FAQ
Even though it's trivial, a test or two would be nice.

The deps_test changes are fine.



https://codereview.appspot.com/6632044/diff/2002/src/pkg/crypto/hmac/hmac.go
File src/pkg/crypto/hmac/hmac.go (right):

https://codereview.appspot.com/6632044/diff/2002/src/pkg/crypto/hmac/hmac.go#newcode10
src/pkg/crypto/hmac/hmac.go:10: Receivers should be careful to use
Verify to compare MACs in order to avoid
new paragraph here (insert blank line above this one)

https://codereview.appspot.com/6632044/diff/2002/src/pkg/crypto/hmac/hmac.go#newcode95
src/pkg/crypto/hmac/hmac.go:95: // Verify compares two MACs for equality
without leaking timing information.
I'd prefer to use a name that is more clearly boolean. Also the
variables could be named to make clearer that the arguments are the
MACs.

func Equal(mac1, mac2 []byte) bool
?

On a related note, I was expecting Verify to be more of a helper. If you
want to make it dead simple to use correctly, I wonder if you should
add:

func Sign(h func() hash.Hash, key, msg []byte) (mac []byte)
func Verify(h func() hash.Hash, key, msg, mac []byte) error

https://codereview.appspot.com/6632044/

Search Discussions

  • Agl at Oct 9, 2012 at 6:19 pm
    https://codereview.appspot.com/6632044/diff/2002/src/pkg/crypto/hmac/hmac.go
    File src/pkg/crypto/hmac/hmac.go (right):

    https://codereview.appspot.com/6632044/diff/2002/src/pkg/crypto/hmac/hmac.go#newcode10
    src/pkg/crypto/hmac/hmac.go:10: Receivers should be careful to use
    Verify to compare MACs in order to avoid
    On 2012/10/09 15:43:28, rsc wrote:
    new paragraph here (insert blank line above this one)
    Done.

    https://codereview.appspot.com/6632044/diff/2002/src/pkg/crypto/hmac/hmac.go#newcode95
    src/pkg/crypto/hmac/hmac.go:95: // Verify compares two MACs for equality
    without leaking timing information.
    On 2012/10/09 15:43:28, rsc wrote:
    I'd prefer to use a name that is more clearly boolean. Also the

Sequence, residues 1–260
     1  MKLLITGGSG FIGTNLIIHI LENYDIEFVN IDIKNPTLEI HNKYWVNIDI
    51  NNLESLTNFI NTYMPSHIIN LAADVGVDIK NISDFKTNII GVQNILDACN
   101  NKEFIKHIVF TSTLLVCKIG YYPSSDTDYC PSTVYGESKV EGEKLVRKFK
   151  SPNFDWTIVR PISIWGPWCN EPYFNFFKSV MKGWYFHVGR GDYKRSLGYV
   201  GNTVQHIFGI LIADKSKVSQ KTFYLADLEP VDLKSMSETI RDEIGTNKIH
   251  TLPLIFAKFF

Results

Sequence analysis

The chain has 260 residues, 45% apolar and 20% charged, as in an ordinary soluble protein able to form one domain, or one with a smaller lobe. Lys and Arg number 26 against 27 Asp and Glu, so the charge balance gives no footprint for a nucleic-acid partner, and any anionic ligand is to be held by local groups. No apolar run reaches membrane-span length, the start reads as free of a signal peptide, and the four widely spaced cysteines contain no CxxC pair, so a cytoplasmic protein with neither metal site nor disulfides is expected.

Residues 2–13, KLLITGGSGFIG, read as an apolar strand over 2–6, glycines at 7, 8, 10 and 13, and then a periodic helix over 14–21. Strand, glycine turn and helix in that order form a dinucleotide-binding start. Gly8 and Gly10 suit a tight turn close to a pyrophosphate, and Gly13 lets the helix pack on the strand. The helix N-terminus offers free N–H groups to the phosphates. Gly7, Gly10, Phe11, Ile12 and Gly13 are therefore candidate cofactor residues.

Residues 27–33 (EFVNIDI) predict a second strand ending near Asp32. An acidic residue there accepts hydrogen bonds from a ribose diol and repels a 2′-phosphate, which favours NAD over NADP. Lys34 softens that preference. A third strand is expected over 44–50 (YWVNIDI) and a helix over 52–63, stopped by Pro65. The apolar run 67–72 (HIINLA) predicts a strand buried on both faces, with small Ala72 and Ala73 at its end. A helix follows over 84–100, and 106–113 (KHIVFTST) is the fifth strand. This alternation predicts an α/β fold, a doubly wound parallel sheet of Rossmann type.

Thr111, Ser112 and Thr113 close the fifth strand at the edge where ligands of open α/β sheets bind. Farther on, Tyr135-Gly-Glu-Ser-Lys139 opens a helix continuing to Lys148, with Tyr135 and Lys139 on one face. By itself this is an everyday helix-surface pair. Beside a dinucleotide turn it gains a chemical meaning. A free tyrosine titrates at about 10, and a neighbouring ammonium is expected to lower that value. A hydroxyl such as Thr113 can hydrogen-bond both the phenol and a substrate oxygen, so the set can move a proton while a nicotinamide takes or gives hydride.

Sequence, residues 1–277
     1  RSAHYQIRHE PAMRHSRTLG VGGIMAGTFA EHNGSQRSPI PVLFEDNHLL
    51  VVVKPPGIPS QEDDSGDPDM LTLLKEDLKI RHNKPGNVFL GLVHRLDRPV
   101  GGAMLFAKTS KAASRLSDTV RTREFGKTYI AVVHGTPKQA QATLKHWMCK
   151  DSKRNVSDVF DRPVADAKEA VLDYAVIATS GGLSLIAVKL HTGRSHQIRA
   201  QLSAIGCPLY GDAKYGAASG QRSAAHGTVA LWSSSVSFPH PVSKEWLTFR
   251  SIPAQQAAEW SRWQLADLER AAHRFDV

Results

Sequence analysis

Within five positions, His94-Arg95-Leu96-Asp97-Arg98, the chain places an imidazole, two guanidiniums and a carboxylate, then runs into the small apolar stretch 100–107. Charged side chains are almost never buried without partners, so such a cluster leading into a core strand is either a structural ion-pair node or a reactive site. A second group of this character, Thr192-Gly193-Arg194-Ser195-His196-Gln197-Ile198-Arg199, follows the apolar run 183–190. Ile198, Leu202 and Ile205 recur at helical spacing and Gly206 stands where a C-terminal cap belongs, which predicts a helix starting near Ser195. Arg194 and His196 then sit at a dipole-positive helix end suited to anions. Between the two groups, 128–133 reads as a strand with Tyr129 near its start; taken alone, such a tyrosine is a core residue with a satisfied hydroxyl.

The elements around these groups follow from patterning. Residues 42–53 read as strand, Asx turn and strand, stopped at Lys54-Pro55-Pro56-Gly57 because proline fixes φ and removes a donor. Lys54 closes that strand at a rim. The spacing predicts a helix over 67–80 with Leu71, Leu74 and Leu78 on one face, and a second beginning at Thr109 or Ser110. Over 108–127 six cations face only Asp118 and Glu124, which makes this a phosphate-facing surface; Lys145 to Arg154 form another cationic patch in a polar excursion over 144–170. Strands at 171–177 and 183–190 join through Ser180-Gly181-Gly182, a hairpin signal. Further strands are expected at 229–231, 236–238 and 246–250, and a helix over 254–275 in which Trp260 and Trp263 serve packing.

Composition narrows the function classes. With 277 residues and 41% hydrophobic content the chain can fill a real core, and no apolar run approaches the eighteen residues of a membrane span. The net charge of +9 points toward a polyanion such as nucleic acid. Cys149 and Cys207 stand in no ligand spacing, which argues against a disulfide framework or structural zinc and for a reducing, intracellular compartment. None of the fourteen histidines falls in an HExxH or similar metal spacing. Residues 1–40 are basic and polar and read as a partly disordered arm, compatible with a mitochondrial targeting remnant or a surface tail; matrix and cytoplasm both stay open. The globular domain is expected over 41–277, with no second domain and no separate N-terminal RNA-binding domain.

variables could
    be named to make clearer that the arguments are the MACs.
    func Equal(mac1, mac2 []byte) bool
    ?
    Yes, that's clearly better. Thanks.
    func Sign(h func() hash.Hash, key, msg []byte) (mac []byte)
    func Verify(h func() hash.Hash, key, msg, mac []byte) error
    The problem is that it's very common (almost required) to hash in
    additional information to the HMAC. If the interface only supports
    passing in a single slice, people will either work around it or they'll
    have to alloc and copy a new slice.

    https://codereview.appspot.com/6632044/
  • Maxim Khitrov at Oct 9, 2012 at 7:20 pm

    On Tue, Oct 9, 2012 at 1:15 PM, wrote:
    func Sign(h func() hash.Hash, key, msg []byte) (mac []byte)
    func Verify(h func() hash.Hash, key, msg, mac []byte) error

    The problem is that it's very common (almost required) to hash in
    additional information to the HMAC. If the interface only supports
    passing in a single slice, people will either work around it or they'll
    have to alloc and copy a new slice.
    I'm currently working on a project that relies on the HMAC functions.
    I have a read-verify-read-verify-... loop, which is further
    complicated by the fact that certain HMAC comparisons are truncated to
    some number of most significant bytes. I think a single set of signing
    and verification functions is never going to fit all use cases, but a
    reminder that the comparison needs to be done in constant time is very
    useful.

    If you want a function that does more than a simple comparison of two
    byte slices, I would do something like this (what I use in my code):

    // Verify compares the HMAC tag in b with the current hash value
    // returned by h, truncated to t bytes. If len(b) > t, all preceding
    // bytes are written to h before the comparison. h.Size() is used
    // for t if t <= 0.
    func Verify(b []byte, t int, h hash.Hash)

    You can obviously remove t if you think that complicates the interface
    beyond what is acceptable in the standard library, but truncation is a
    normal part of HMAC operations (RFC 2104 section 5).
  • Adam Langley at Oct 9, 2012 at 9:23 pm

    On Tue, Oct 9, 2012 at 2:16 PM, Maxim Khitrov wrote:
    // Verify compares the HMAC tag in b with the current hash value
    // returned by h, truncated to t bytes. If len(b) > t, all preceding
    // bytes are written to h before the comparison. h.Size() is used
    // for t if t <= 0.
    func Verify(b []byte, t int, h hash.Hash)

    You can obviously remove t if you think that complicates the interface
    beyond what is acceptable in the standard library, but truncation is a
    normal part of HMAC operations (RFC 2104 section 5).
    I quite like that too, but I worry that it precludes avoiding the
    allocation each time when calling Sum. Without this function, users
    would are verifying many MACs can reuse storage. But, since
    escape-analysis isn't going to work through the interface, I think
    this would have to allocate every time.


    Cheers

    AGL

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